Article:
Constantine Maroulis was first introduced to "American Idol" buffs in this season's opener, during a six-minute segment in which the New Yorker with long locks and powerful pipes broke it to his hard-rockin' band, Pray for the Soul of Betty, that he'd be competing for the show's title.
Drummer Hamboussi — yes, just Hamboussi — didn't appear to take the news too well, throwing his drumsticks down in anger and storming away from the band's practice space.
But appearances can be deceiving. Hamboussi said he realized at the time that Maroulis' decision to make the pop-star switch could be one of the best things to ever happen to Pray for the Soul of Betty. And he was right.
The band's self-titled record — recorded in 2003 and 2004, long before Maroulis auditioned for Simon, Paula and Randy — will hit retail shelves on May 10, thanks to a deal the band inked this week with Koch Records. So then what was up with that hissy fit, Hamboussi?
"It was basically editing on the show's part," he explained. "Basically, right after a gig, the band usually does a little trashing of the stage. Like, I trashed my drums and there was no reason for me not to do that at the end of us playing. We played the song, I trashed my drums and I left the stage. They took that piece and put it at the end of my interview and made it sound and look like I was upset and left the room. But in reality, I knew exactly what was going on, what the show would do for the band. I mean, I gave them what they wanted. It's television."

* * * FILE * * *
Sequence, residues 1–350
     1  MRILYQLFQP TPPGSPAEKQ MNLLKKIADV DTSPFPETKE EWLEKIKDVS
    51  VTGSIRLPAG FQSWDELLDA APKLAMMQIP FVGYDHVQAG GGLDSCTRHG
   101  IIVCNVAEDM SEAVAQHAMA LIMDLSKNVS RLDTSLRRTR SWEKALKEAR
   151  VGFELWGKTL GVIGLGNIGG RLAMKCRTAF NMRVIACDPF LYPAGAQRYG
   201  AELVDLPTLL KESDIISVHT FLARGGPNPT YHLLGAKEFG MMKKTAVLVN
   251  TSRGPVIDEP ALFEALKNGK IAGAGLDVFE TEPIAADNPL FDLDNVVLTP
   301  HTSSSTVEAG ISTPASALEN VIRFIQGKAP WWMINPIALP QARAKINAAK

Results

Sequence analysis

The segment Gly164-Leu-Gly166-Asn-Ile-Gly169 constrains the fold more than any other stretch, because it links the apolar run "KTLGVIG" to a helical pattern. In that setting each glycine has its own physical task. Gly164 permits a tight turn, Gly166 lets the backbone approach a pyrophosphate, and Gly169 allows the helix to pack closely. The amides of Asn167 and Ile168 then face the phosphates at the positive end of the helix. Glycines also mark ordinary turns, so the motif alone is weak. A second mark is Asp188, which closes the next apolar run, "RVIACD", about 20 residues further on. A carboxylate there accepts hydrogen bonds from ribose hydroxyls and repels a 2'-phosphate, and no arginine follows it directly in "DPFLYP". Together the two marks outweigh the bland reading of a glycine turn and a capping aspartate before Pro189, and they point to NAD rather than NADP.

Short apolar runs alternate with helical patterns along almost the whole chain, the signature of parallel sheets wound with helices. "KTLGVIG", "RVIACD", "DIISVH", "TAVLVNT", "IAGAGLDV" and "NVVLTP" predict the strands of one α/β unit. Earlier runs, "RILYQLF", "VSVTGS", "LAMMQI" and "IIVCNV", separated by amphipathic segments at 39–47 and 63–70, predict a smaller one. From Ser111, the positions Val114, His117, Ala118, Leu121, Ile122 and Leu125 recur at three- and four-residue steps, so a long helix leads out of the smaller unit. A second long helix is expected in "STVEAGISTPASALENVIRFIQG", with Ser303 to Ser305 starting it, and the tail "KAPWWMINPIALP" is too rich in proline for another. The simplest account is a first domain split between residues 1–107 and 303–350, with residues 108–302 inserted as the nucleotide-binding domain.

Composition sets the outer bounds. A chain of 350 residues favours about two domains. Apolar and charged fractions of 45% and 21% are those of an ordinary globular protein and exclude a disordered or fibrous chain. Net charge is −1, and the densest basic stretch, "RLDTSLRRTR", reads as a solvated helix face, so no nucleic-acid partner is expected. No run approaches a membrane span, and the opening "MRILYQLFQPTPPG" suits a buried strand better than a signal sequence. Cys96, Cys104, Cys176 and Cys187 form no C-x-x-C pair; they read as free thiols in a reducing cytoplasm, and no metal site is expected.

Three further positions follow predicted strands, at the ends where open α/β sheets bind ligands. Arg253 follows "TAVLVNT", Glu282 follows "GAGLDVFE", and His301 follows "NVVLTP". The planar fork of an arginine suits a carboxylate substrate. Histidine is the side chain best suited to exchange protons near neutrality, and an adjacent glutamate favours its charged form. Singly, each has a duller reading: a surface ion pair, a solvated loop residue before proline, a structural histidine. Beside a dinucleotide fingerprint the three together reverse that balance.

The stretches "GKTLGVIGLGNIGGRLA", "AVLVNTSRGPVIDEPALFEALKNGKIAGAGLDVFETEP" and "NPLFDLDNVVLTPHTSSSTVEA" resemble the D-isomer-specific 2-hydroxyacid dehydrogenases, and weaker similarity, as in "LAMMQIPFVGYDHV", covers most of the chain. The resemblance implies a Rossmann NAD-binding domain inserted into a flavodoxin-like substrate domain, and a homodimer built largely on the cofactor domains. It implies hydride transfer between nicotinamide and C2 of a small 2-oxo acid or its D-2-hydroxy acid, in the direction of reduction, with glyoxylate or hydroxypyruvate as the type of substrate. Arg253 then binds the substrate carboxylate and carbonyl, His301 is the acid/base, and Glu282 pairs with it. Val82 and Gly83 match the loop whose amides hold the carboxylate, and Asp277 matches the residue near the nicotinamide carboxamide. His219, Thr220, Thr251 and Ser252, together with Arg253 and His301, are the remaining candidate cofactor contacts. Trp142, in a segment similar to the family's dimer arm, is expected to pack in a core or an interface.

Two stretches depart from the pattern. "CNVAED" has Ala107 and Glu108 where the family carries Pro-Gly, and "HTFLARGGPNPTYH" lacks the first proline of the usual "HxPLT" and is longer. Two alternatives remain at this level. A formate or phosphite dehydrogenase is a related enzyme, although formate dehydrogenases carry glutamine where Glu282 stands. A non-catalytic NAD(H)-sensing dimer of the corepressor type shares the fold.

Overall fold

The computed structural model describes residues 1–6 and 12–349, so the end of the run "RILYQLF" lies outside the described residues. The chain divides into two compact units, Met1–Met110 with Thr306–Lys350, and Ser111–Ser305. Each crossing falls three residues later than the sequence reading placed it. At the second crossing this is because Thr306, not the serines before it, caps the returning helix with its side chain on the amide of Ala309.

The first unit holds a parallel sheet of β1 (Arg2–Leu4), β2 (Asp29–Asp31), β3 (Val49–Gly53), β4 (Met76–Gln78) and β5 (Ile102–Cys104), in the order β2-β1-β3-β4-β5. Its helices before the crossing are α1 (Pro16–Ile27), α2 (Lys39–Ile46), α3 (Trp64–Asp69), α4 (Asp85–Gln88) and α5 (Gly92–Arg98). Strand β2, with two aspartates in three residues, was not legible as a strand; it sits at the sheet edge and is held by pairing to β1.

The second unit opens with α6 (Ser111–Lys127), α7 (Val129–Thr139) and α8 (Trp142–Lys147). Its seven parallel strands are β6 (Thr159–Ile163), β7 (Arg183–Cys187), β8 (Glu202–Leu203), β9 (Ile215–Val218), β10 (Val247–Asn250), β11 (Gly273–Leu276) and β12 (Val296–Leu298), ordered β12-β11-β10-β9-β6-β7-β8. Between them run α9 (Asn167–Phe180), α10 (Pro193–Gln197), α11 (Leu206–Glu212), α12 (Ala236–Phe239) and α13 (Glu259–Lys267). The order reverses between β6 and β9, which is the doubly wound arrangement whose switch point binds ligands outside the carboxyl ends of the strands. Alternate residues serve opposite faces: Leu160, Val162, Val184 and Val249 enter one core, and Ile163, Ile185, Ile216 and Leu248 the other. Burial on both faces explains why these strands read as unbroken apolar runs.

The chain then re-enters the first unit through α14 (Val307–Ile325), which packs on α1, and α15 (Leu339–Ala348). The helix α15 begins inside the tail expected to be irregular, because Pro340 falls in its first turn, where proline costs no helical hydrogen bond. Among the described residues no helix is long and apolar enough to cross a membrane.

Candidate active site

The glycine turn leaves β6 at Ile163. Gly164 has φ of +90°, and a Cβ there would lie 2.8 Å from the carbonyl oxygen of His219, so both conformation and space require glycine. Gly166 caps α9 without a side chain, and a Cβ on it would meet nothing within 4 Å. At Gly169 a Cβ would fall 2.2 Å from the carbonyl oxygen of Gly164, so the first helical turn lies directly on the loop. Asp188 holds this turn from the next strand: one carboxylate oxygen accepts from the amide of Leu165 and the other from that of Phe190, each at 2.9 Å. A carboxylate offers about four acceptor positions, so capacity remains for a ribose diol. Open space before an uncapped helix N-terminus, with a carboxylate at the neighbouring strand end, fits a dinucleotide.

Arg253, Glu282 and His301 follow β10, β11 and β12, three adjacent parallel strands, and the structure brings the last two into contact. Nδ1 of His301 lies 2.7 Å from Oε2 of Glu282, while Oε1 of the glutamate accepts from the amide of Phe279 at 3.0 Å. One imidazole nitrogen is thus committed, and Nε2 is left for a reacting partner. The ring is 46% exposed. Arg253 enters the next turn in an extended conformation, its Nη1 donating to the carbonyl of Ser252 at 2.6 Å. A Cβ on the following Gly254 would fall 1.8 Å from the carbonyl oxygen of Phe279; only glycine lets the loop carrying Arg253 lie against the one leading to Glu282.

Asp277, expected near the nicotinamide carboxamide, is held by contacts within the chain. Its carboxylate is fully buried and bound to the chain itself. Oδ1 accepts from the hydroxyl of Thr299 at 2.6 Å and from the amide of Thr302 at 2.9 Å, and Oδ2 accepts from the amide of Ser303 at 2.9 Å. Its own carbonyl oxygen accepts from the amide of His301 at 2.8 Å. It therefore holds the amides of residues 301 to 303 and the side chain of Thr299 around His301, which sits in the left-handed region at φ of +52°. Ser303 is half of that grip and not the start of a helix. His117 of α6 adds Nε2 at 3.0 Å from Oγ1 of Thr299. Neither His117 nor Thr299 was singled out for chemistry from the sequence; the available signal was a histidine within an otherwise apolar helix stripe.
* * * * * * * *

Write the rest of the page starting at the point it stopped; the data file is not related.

Hamboussi described the 2-year-old band's DYI disc as sounding like a cross between Audioslave and Incubus. The disc's 10 tracks feature "Idol" wannabe Maroulis on vocals, as well as the guitar work of Joao Joya and the bass-slappin' of Taylor, C.R. Though Hamboussi said the album is definitely heavy, it "has hits on it too — there's a ballad." More importantly, the record will provide fans of Maroulis with what they hope they'll be getting a lot more of after the series' May 24 and 25 finales: Constantine's voice, on demand.
Hamboussi said he's not worried about the future of Pray for the Soul of Betty — even if Maroulis wins the competition and becomes America's next big pop sensation.
"I'm sure he'll make time for the band," he said. "Usually, when you get to a position like [the one he's in now], you have a little push and pull. So even if they have him tied up for several months, I'm sure we'll play and record on his downtime. If they don't make him happy, he can say, 'I'm done with you guys — f--- you.' As long as he wants to be in our band, he can do whatever he wants."
When it comes to how Hamboussi thinks Maroulis will do on "American Idol," he's pretty confident his friend "has the skills to do it," but "if it's true what they say about 'American Idol,' that America really votes, then it's really up to the country."
However, when asked if he's voted for his band's frontman himself, Hamboussi replied, "No."